Respond to Facilitating Knowledge Creation Question 3

3)    Tell us what type of librarian or information professional you would like to be!  We will then present you with examples of complications you will face based on the four facets of facilitating knowledge creation. Feel free to post problems you feel your area may have, or solutions to the problems of others.

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  • Matthew Gunby

    This is the second thread I have started without actually being in 511.  I’m not sure whether that should be cause for me to apologize or be exalted, but sorry if I have stepped outside of my appropriate role.  While I am unsure whether I would like to be a public or academic librarian, I will say that I am gung ho about entering into the public arena, please inform me of all the complications this will incur, so I can decide whether to fight through it or flee to the academic arena (where I may also end up fleeing from once I encounter those complications).

    • Erin O’Connell

      I posted a comment yesterday (or so I thought!) but it has not yet shown up.
      Say I were a reference librarian in an inner-city public library….

      • Anonymous

        That’s very specific. HAHA I like it! 

      • Anonymous

        What would you do if you are approached by a teenager who wants to find information on weapons. How do you respond? What is your role as a librarian in this situation? Do you ask another librarian for advice?

    • Anonymous

      Anyone is welcomed post here!! Thanks for joining us! About your case, first of all, the way I look, you don’t seem like to be a quitter. Besides, I don’t think working in any library would end up “complicated”. I am not sure if American library works in the same way, but in China, we do things kind of shifting every department at the first few months and then you make your decision of which department makes you most comfortable. Of course, if that department’s positions are full, you have to make a second choice. And the routine life of a happy librarian starts! We change the world everyday! :P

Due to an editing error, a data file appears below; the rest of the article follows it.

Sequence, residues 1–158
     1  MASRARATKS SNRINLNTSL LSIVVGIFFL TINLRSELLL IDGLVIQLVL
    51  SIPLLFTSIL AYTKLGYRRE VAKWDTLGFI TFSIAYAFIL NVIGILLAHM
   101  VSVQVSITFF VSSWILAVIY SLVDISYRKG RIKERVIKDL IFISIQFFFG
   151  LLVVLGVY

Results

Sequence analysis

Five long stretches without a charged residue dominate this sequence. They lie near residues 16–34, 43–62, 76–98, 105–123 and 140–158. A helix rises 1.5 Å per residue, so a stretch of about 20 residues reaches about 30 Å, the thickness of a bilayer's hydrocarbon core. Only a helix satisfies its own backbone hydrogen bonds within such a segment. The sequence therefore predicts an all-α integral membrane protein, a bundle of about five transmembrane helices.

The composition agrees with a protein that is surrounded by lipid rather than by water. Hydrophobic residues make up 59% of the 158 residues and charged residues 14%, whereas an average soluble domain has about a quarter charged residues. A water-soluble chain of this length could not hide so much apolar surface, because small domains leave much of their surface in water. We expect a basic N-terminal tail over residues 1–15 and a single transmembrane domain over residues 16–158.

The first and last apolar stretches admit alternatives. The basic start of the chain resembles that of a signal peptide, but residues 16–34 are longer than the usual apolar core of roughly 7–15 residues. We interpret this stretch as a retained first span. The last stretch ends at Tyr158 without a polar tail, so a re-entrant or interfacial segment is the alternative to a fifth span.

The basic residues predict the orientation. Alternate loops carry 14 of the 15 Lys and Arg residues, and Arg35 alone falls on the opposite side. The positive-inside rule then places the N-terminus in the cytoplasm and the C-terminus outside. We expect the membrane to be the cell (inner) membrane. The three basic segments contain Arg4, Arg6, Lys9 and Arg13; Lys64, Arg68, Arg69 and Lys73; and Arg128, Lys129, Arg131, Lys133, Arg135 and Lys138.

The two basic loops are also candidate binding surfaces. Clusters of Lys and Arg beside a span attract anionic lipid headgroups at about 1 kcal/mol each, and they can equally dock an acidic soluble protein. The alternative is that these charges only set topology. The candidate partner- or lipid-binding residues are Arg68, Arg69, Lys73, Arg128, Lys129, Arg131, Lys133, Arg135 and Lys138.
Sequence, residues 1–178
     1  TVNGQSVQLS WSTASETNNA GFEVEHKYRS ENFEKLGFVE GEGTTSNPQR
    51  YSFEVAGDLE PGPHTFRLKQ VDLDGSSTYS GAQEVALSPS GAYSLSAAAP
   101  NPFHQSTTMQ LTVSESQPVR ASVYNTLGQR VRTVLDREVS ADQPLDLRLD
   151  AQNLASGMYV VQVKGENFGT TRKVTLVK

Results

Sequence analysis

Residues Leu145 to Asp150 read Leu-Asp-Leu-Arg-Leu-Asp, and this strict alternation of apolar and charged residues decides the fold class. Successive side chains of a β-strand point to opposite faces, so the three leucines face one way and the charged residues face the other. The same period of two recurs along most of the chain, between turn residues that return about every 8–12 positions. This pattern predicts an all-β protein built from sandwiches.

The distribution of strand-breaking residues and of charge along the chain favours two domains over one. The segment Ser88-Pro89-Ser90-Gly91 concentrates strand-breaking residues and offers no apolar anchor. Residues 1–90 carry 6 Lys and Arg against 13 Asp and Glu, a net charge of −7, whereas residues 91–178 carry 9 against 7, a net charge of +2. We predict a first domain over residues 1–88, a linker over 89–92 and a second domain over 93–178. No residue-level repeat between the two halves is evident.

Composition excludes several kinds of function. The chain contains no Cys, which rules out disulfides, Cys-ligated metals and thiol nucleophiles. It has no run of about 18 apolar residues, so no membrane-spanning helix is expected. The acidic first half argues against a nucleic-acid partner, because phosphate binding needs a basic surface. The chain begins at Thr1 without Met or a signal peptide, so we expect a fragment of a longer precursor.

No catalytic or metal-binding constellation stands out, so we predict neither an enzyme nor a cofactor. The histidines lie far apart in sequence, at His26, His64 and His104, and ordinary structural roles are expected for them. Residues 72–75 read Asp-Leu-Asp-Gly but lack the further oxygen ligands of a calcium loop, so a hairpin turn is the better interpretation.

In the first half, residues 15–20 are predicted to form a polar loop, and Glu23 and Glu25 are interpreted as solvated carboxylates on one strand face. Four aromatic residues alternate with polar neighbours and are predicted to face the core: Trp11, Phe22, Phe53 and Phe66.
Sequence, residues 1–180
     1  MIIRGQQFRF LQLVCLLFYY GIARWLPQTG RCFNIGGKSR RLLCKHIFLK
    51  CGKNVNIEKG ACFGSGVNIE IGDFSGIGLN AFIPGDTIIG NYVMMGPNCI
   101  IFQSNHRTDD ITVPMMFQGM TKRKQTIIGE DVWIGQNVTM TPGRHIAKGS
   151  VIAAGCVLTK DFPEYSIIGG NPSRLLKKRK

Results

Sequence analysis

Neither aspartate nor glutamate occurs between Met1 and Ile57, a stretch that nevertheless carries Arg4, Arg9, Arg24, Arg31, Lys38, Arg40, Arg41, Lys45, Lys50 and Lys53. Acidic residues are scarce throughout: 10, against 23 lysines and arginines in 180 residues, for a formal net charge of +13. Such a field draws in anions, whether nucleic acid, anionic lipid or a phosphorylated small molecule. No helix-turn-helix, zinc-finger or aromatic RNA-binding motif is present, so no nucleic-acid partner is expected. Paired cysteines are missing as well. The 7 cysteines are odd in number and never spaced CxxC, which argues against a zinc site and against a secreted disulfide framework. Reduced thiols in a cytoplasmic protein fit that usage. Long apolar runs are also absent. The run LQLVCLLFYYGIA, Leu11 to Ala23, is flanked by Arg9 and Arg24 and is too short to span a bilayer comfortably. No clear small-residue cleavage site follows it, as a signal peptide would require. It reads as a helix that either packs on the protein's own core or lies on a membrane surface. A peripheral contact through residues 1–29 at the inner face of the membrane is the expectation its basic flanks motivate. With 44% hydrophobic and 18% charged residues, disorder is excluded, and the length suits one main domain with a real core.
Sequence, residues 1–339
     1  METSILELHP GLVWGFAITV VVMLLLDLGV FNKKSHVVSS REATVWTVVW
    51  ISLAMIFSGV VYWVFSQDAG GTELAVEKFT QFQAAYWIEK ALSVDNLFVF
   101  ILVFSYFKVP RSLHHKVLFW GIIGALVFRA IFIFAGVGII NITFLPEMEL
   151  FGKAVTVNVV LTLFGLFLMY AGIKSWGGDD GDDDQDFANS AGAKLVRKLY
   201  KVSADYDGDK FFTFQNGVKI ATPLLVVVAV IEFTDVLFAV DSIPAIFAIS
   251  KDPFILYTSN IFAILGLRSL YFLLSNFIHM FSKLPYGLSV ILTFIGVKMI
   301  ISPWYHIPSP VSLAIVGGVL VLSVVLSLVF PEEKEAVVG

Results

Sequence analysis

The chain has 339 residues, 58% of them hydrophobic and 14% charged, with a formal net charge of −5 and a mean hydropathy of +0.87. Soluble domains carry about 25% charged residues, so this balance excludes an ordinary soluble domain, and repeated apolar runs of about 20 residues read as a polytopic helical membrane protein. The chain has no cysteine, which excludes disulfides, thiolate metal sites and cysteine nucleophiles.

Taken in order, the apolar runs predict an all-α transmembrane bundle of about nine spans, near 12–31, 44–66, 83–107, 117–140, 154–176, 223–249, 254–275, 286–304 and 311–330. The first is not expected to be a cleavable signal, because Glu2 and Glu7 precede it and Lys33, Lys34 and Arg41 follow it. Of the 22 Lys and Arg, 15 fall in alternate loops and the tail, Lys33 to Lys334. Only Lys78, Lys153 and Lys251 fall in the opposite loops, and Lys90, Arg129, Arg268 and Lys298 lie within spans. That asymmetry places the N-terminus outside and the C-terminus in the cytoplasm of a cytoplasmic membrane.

• Erin O’Connell

        I really like the idea of working different departments (or even different types of libraries) to see what you like and where you fit. A lot of large corporations offer rotational training/positions so you can see what aspects you enjoy, and I think libraries might benefit from something similar. 

        Though I suppose we ought to be doing this anyway during our program through volunteering, employment, internships, etc. 

        • Erin Lee

          I have found some graduate traineeships that are focused on recent library school graduates and provide training in various parts of the university library on  a rotational basis for a fixed length of time (approx. 2 years) but the only ones I have found are in Australia and England…

  • Rei Becker

    Medical librarian!

    • Anonymous

      So you’re working in a medical library and you’re approached by a first year med student. This student has some experience with scientific research, but her undergrad major was history. She’s tried to do a bit of research on her own, but is feeling overwhelmed by the amount of choice, terminology in the journals, and a new citation style. In order to facilitate this student’s research, which of the four means of facilitation would you focus on?  How would you help?

  • Jess G

    Concluding Remarks:

    The conversation in response to
    question three brought up a lot of interesting situations and topics. We
    learned that in China once you start a job you switch in and out of different
    departments until you find one where you are most comfortable and that idea was
    well received by those following the discussion. It would be nice to check out
    different departments before settling down in on that you would not be able to
    shift out of. For example, you start your career as a medical librarian, but
    realize you would rather be a children’s librarian and run story hour… it was
    would be a hard switch to make. It would have been nice to be able to experience different departments to get actual on the job-experience being making such an important decision. Asking about what situation you might find
    yourselves in the future if you worked in an inner-city library or in a medical
    library led to more questions about what might arise in said situation. As a
    librarian we will have to learn to be flexible and be able adjust to the different
    situations that our communities will bring to our libraries and learn to
    adjust how we run the reference interview to apply to the member who is doing
    the asking.